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Book Review: Devil and the Bluebird by Jennifer Mason-Black


25796637Devil and the Bluebird

Author: Jennifer Mason-Black

Publisher: Amulet Books

Genre: YA, Contemporary, Magical Realism

Release Date: May 17th 2016

Format: NetGalley ARC / Hardcover

Pages: 336

ISBN: 9781419720000

Author Website | Book Depository | Amazon |


Maria's Rating - 3.5-01

Remember that the devil is the one who tells you to play a tune that’s not your own, and you can drive him right on out into the cold by playing what’s in your soul.

Devil and the Bluebird tells the story of Blue, a young 17 year old girl who has decided to try and locate her sister who she has not heard from in two years. In order to find her quicker and easier, Blue has decided to ask for the help of a mysterious woman at the crossroads. In return for a pair of magical boots that will guide Blue to her sister, she must give the mysterious woman her voice.

What initially captured my attention about Devil and the Bluebird was that it used the traditional folk tale of the Devil at the Crossroads as its underlying story arch. I have seen this classic tale used in other forms of entertainment such as the television series Supernatural, but I have never read a novel that has dealt with the concept.

Devil and the Bluebird is, in its own way, a coming of age story with a slight magical realism feel to it. It is told in the way of a road trip as Blue travels across America to locate her sister and along the way she meets quite the cast of characters. Some good, some bad and some completely evil. It is very much an adventure story in which Blue has no idea who she is going to meet along the way. She has no idea of the lengths that she must go through in order to find her sister. On top of everything, she has no voice to help her find her way. It deals with the dangers of travelling alone, especially when it involves hitching rides from strangers or hopping freight trains, but Blue will stop at nothing to find her sister.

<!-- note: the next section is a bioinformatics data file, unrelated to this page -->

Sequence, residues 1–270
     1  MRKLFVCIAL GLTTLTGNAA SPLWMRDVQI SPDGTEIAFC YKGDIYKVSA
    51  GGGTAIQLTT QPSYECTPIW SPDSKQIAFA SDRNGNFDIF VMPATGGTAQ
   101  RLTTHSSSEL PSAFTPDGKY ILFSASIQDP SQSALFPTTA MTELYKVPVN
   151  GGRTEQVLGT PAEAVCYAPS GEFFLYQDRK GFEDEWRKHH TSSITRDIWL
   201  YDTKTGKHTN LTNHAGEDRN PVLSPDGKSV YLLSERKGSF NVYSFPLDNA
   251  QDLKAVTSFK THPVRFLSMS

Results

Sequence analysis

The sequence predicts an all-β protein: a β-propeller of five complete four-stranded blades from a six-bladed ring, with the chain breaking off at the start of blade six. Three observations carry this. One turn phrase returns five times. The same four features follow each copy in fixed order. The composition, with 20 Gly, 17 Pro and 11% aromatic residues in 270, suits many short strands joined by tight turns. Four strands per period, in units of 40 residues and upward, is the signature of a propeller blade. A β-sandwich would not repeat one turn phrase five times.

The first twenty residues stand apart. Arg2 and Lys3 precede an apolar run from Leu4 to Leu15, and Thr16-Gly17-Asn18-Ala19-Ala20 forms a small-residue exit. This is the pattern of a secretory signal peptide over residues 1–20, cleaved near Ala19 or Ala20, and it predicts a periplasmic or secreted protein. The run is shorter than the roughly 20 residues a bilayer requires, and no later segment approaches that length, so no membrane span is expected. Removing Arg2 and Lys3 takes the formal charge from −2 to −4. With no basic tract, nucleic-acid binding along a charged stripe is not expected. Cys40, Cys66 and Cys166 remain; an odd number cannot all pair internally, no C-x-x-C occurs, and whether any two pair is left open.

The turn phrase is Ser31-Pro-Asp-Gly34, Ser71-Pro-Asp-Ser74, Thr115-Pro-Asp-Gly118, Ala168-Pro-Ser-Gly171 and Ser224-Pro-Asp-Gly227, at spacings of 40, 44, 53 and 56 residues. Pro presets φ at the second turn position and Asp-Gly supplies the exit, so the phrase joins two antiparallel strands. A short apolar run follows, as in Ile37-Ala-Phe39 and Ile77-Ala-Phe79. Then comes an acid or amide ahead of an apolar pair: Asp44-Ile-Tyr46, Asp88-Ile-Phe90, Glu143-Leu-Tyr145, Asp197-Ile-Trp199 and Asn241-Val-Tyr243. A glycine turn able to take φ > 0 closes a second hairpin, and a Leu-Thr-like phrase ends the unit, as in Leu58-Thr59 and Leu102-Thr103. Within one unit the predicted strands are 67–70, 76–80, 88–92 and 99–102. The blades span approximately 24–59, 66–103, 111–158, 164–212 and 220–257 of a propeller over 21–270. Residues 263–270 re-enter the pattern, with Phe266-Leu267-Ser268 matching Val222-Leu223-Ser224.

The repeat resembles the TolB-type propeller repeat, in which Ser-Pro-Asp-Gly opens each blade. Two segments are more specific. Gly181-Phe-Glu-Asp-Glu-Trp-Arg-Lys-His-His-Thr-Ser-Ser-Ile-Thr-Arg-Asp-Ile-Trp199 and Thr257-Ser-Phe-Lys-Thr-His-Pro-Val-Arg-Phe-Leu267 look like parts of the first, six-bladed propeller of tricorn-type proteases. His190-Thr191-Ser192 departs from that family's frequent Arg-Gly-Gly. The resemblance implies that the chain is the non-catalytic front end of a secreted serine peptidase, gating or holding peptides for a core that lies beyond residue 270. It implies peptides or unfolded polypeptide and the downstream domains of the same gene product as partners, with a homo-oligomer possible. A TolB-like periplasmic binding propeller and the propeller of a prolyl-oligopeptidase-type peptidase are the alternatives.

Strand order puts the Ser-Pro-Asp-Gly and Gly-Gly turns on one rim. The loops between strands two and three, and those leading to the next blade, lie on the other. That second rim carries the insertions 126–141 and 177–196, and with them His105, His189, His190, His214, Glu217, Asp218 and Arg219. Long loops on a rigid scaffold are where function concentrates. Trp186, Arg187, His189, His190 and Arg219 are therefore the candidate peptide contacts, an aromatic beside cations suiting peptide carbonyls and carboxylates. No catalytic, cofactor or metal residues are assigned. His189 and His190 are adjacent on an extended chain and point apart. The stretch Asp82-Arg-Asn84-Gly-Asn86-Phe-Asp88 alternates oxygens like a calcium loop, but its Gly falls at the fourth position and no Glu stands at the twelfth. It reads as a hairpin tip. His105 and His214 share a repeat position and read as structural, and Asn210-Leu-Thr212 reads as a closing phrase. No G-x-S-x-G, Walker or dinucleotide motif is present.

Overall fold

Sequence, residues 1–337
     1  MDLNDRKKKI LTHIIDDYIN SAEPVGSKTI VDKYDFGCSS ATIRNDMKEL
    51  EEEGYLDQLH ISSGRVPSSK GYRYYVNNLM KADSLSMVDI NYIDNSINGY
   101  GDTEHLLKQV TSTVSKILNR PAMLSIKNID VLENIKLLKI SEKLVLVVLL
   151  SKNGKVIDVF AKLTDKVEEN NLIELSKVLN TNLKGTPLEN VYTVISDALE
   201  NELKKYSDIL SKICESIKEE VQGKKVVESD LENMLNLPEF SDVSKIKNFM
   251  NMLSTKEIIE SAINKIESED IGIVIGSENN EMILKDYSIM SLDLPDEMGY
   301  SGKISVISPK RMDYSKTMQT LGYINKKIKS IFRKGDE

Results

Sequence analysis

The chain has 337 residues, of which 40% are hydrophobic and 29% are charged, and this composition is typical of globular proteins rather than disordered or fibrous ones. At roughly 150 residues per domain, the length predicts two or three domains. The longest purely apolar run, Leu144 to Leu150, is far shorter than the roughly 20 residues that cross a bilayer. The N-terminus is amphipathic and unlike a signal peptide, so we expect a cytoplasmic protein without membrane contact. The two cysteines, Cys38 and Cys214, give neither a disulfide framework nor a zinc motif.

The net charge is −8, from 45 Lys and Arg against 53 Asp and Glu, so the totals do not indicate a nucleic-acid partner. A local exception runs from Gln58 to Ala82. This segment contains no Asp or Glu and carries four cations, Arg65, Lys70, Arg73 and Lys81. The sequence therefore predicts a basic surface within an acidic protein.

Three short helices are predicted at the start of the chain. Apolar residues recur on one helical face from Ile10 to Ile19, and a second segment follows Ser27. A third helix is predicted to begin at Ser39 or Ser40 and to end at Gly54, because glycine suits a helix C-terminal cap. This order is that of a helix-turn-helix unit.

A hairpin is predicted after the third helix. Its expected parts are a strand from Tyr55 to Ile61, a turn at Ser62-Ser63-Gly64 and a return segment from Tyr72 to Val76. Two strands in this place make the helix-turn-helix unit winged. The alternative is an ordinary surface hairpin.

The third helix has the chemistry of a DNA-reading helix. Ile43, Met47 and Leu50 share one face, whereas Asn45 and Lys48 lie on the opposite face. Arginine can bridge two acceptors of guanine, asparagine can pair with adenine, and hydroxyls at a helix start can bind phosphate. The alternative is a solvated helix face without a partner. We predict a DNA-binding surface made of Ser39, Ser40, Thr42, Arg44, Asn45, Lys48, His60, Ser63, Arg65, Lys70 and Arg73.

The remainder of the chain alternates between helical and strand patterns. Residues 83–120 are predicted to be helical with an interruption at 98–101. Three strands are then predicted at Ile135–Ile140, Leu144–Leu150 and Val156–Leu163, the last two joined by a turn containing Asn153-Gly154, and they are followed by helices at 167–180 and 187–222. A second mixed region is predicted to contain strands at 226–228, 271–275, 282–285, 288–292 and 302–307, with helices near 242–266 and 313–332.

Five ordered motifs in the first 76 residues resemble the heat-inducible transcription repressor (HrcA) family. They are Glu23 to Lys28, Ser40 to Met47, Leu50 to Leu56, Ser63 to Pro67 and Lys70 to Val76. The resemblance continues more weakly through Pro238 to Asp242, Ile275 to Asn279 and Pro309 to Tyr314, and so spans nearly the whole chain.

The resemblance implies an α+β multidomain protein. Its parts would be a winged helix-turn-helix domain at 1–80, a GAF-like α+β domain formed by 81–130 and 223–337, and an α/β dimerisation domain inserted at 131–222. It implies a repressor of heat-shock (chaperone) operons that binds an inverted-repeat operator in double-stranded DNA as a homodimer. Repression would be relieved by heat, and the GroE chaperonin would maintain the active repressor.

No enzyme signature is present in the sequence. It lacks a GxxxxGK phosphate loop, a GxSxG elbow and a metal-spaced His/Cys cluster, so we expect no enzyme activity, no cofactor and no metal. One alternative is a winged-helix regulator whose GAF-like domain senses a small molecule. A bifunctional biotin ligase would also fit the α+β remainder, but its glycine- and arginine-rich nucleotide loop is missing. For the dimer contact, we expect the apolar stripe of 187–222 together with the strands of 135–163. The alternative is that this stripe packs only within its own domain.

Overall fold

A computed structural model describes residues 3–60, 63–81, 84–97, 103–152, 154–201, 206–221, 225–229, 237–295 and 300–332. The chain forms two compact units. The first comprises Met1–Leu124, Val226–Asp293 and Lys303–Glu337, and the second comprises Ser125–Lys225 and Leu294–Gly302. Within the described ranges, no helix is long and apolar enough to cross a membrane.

While the writing style itself was beautiful, I found that the story was a little drawn out. It took a little while to get going and when it finally did, I found it to be slightly repetitive. Blue meets stranger, Blue leaves stranger, rinse and repeat. And after finally reaching the final chapters of the story, things happened a little too abruptly. It was like reading two different extremes. First, very long and drawn out and then second, very fast and abrupt. There was no real peak in the storyline and what I think was supposed to be the peak happened so fast that I didn’t even process it.

The characters were okay. I liked Blue but she wasn’t amazing and maybe a little forgettable. I would say that I enjoyed the chapters where Blue interacted with Steve the most. They became such great friends after protecting each other from the dangers of travelling across America on your own as a teen. I found that the interactions between Blue and Dill made me feel slightly uncomfortable and it was very much an insta-love scenario. I really didn’t understand his purpose in the story at all. These moments were not a main plot point of the story. I wouldn’t consider Devil & The Bluebird a romance in any way, which made these short scenes feel even more unnecessary.

I feel like I wanted a bit more from the ending. As I mentioned earlier, it happened so fast that I didn’t really have any time to process anything. Throughout the entire novel everything moved slowly and everything felt so difficult, where the final outcome of the story happened too easily in my opinion. It seemed as though all of the complications Blue came across could have been avoided if she had just turned on a television.

I had really high hopes for a novel revolving using the idea of the Devil at the Crossroads folk tale, but unfortunately Devil and the Bluebird didn’t really meet my expectations. I do still think that the writing itself was beautiful and I loved the idea of a road trip adventure, but I just wish it wasn’t as drawn out. Everything Blue did, everything that made the story feel as long as it did, could have been avoided really easily, making it feel as though all the trouble that she went through was for nothing.

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